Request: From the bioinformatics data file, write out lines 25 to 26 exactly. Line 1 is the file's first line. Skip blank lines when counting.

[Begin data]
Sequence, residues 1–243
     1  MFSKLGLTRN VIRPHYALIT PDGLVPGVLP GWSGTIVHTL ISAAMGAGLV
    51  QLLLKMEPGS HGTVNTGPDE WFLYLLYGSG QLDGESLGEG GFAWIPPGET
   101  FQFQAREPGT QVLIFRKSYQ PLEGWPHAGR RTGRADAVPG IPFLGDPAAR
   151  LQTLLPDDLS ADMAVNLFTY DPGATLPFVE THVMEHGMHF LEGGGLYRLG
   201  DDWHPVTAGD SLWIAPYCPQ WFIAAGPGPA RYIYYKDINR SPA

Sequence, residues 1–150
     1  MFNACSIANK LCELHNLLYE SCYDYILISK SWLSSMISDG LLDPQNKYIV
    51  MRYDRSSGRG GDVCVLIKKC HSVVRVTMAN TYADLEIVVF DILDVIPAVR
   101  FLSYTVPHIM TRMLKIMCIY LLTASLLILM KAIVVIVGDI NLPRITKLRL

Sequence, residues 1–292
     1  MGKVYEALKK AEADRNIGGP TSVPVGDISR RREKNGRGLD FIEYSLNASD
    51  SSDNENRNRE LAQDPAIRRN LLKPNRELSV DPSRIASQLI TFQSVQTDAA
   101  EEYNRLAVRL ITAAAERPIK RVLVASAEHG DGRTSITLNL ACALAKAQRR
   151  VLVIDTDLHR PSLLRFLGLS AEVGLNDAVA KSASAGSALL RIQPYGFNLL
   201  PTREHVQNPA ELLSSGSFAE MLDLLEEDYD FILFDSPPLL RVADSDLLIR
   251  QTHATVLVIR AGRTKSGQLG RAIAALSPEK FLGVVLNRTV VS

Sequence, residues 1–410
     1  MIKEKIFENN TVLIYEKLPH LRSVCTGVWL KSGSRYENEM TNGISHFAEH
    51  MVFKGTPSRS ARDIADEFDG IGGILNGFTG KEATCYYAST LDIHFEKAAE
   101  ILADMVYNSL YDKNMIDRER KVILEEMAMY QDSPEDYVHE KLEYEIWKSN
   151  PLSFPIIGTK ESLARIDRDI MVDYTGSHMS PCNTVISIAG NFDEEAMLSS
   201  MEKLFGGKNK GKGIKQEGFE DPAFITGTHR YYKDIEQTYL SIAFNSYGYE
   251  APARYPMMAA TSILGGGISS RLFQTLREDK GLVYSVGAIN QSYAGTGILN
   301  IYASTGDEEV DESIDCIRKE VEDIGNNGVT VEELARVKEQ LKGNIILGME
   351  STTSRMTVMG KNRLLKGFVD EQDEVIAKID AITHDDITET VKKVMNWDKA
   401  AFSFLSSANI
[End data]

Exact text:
   301  IYASTGDEEV DESIDCIRKE VEDIGNNGVT VEELARVKEQ LKGNIILGME
   351  STTSRMTVMG KNRLLKGFVD EQDEVIAKID AITHDDITET VKKVMNWDKA